I title this “Tale of Two PCs” I recently encountered two very different computer users. So divergent in fact that I thought I must write about this.
First I received a laptop that was running poorly from the parent of a high school student. This was a perfect example of what NOT to do to your PC! It had no protection software of any kind. It also was years behind on Adobe Flash & Reader, Java (25 versions out of date), CCleaner was on 1.46 (current at time of this post is 3.27), this list of abuse goes on ad nauseam..
The next big problem was this teen’s laptop had seven (7) toolbars, some created by some ugly spy people. The PC had a Rootkit Virus, many Trojans, and some hundreds of spies.
How did all this happen? One clue is Limewire, which is a peer-to-peer sharing software. In a perfect World this is a great idea. A student in Queensland could share homework with a perspiring panicky pupil in Panama or a home-brewed rock ballad with a prospective proprietor in Paducah.
But in the real World, peer-to-peer sharing software such as Limewire (now defunct?) and Bearshare are more interested in letting others get into your computer than protecting you so all the bad guys have a roadmap into your personal data.
This doesn’t faze many teenagers as the part of the brain that understands cause and effect has not connected just yet. No knock on teens, this is just a biological fact that the frontal lobes of the brain are slow to develop. How many times have you parents thought or asked “What were you thinking?”
The reason I bring this up is so you can be aware of the possible security breaches your neat and well-mannered child may be allowing for some free music or movies. The most infected computers I have ever cleaned had peer-to-peer sharing programs installed on them. Simply uninstalling many of these P2P type programs won’t stop the sharing hole that was punched through your firewall.
Now that you have heard about one of the worst computers I have ever repaired, see at what I found just a day later. I went to update a PC from a customer that I had not seen since July 2010. He also did not update Java, Flash, Windows Service Packs, and had no Protection software.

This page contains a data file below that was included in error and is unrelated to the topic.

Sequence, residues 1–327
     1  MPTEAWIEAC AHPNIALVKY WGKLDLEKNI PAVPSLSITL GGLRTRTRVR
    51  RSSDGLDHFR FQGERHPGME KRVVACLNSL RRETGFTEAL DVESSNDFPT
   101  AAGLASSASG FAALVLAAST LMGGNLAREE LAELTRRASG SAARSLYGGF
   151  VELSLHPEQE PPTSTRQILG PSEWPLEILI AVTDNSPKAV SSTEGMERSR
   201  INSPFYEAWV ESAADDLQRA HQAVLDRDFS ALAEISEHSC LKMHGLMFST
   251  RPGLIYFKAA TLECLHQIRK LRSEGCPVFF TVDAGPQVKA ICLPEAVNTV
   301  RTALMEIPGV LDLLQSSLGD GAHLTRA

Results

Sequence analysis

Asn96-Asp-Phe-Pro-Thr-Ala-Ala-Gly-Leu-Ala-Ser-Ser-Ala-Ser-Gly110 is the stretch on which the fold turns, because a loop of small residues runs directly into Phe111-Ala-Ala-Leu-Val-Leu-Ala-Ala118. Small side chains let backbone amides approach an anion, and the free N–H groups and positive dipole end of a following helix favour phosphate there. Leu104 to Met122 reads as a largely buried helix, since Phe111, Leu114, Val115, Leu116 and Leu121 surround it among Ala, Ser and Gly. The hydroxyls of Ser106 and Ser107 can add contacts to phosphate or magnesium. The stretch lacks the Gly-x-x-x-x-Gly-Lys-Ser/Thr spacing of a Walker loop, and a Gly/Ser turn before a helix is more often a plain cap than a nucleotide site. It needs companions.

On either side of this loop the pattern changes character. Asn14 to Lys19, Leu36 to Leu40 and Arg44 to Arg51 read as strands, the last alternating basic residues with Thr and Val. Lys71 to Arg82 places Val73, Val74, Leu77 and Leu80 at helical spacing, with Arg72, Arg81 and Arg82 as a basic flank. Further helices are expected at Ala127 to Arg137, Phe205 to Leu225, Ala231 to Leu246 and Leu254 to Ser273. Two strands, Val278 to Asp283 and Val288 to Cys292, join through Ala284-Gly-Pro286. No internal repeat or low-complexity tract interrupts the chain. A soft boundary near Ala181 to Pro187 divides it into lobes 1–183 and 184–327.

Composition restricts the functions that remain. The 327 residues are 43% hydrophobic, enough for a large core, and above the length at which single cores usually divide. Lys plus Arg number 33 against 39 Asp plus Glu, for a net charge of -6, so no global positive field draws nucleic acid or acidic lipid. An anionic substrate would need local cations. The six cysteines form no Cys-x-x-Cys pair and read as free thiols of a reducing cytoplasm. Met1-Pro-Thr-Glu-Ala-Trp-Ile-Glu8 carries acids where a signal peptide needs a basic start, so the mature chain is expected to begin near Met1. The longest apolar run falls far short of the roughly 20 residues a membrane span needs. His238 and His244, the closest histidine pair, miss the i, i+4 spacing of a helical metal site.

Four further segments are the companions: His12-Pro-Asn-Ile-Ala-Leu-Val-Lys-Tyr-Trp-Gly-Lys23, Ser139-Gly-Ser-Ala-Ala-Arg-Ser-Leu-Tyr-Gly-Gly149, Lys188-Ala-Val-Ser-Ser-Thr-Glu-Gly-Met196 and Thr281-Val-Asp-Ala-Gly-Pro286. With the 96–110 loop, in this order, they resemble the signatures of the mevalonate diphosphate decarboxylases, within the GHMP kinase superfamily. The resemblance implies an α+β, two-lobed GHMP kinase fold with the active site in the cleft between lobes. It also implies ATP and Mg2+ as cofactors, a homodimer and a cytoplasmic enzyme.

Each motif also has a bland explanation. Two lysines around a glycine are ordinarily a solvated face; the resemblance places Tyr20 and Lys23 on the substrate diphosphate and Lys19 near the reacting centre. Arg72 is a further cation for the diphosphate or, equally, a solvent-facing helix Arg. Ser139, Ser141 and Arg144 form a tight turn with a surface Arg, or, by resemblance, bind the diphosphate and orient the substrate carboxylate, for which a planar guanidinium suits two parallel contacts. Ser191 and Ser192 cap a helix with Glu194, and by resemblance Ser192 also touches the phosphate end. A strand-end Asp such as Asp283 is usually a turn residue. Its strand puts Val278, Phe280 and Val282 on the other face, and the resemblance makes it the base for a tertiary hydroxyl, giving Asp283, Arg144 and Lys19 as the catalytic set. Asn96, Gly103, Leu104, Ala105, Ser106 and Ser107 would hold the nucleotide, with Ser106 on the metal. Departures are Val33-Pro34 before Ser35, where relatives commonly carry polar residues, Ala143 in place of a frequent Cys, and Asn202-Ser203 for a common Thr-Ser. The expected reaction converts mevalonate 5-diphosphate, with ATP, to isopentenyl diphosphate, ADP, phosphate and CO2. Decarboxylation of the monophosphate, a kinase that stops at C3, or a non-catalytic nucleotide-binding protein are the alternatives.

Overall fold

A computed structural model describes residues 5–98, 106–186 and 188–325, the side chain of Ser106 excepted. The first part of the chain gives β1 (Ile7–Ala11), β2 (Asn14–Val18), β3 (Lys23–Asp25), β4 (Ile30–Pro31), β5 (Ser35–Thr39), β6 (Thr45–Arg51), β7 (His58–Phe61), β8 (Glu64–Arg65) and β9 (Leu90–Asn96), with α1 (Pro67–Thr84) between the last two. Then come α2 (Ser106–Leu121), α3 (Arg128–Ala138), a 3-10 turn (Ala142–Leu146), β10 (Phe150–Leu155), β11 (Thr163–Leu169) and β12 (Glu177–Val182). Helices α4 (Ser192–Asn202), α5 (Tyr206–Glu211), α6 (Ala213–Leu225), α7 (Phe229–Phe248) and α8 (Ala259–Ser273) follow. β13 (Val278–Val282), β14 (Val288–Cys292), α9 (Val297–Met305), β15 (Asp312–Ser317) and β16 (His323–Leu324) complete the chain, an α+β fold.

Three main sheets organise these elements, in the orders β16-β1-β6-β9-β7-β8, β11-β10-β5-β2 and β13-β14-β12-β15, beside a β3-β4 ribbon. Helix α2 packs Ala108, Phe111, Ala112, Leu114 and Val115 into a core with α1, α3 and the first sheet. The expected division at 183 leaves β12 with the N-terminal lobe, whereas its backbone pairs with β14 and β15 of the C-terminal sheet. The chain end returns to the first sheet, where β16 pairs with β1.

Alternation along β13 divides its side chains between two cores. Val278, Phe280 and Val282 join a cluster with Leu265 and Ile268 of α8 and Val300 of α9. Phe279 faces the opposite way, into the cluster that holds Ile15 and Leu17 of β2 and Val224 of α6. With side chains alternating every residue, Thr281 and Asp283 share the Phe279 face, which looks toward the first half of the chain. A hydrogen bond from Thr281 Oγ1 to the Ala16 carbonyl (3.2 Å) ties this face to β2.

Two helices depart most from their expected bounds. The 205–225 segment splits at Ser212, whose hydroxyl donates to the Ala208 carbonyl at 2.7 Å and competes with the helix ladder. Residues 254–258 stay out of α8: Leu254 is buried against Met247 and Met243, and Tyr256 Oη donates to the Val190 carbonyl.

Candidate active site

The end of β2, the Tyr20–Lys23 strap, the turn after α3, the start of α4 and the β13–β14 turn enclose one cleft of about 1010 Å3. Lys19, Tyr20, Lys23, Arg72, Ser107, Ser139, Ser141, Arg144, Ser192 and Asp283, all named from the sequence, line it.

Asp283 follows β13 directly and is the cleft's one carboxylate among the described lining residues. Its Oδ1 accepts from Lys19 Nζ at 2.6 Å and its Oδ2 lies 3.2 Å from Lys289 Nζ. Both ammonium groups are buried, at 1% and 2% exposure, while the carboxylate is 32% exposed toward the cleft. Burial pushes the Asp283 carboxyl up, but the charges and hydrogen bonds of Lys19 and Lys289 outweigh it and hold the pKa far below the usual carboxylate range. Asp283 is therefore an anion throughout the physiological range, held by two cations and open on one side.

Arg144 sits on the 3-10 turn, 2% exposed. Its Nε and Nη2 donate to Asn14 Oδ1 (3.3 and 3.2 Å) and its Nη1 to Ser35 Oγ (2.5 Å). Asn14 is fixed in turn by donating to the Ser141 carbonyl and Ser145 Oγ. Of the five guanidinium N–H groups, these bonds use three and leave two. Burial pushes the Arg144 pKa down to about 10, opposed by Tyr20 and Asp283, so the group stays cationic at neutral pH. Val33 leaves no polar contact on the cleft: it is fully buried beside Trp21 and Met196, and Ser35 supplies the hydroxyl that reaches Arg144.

I came in with my gloves pulled up to my elbows so I would not catch the horrible diseases I was sure his PC would have. I have never visited a computer that had no Antivirus, or Ant spy software that did not have bunches of bad guys happily having their way. I installed and ran Malwarebytes Anti-Malware and it found… (wait for it..)
Nothing! I installed AVAST (highly rated in recent tests) and it found.. Nothing!
I proceeded to clean temp files, update Java, Flash, Reader, hundreds of Windows XP updates, and Service Pack 3. While waiting for SP3 to finish I decided I would ask Mr. X just how he keeps his PC so clean of malware (bad guys, Viruses, Spies, Rootkits).
Here is the wisdom he imparted to me. He always leaves his computer on unless leaving town. He never opens emails or their attachments that he was not already expecting. When searching for websites (he uses Google) he looks at the domain names and is careful to go only to ones he knows to be safe. He almost never types in a URL by hand. (One trick bad guys do is to “typo-squat”, this means they lease the domain names that you might accidentally type when trying to go to a frequently visited site.)
That little paragraph just above is a power-packed panacea or personal protection (I got a million of ’em folks..)
The only thing I could add to his security suite of sumptuous suggestions is some simple rules for secure passwords. Bad guys first try all correctly spelled words in all languages, with an uppercase first letter, and numbers on the end. Don’t do that! Also any date is easy to guess due to only 12 Months and 31 Days, and a very limited group of years 1920 to 2013. I mean it is not likely your Anniversary is in the year 1629..
Just spread uppercase randomly (not at word beginnings) and slip numbers in the middle area not to assist a perfectly spelled word. Bad guys know a 3 is used for E, a 1 for I, a 5 for an S, and a 0 (zero) for an (letter) O. Don’t do that.
If you have a favorite saying, poem, lyric etc.. that you recite incorrectly this would be a good basis for an easy to remember password. Just use the first characters of the words. Here you could use the numbers for letters trick as it would not show as a word or even famous writing. Put some strategic uppercase letters and Wham! You have bullet-proof password.
It amazes me that a big company (AT&T) does not allow use of the non-letter, non-number characters which can greatly complicate a hack of your password adding Millions of combinations to an eight character password. Don’t use a password under eight characters if that length is allowed.
Do not keep a password list on your computer. If you must keep a memory list do not construct it on your PC. A deleted file can still be found. If you want a list on your PC just use vague memory joggers not exact passwords and also not exact user names.
There are clever programs that can search all text capable files (Word, Excel, Notepad, WordPad, WordPerfect, blah blah..) for Users, passwords, Social Security numbers, drivers licenses, addresses, emails, phone numbers. That data can be sent back to bad guy servers and auctioned off to a really bad guy of whom wishes to steal your Identity! This really happens! And finally, do not carry exact passwords and account user names on your person (not in your wallet, purse or backpack). Identity theft is no fun. Trust me, I have fully developed frontal lobes.